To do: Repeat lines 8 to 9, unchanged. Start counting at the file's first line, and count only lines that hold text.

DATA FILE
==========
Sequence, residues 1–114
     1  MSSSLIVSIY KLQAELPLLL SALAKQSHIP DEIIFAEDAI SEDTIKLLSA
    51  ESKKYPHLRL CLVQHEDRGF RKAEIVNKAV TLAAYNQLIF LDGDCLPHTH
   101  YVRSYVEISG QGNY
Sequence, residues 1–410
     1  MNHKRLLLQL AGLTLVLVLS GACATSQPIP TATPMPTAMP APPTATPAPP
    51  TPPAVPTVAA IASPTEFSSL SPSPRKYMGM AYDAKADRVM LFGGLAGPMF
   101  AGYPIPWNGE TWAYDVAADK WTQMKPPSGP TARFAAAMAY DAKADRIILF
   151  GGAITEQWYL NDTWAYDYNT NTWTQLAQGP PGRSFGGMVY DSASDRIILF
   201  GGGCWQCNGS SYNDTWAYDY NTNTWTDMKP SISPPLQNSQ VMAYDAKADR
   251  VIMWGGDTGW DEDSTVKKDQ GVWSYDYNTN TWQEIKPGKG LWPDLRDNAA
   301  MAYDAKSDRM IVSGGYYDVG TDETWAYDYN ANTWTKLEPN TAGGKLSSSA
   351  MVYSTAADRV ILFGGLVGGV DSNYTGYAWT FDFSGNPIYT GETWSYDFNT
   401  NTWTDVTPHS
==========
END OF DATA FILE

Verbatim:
   101  AGYPIPWNGE TWAYDVAADK WTQMKPPSGP TARFAAAMAY DAKADRIILF
   151  GGAITEQWYL NDTWAYDYNT NTWTQLAQGP PGRSFGGMVY DSASDRIILF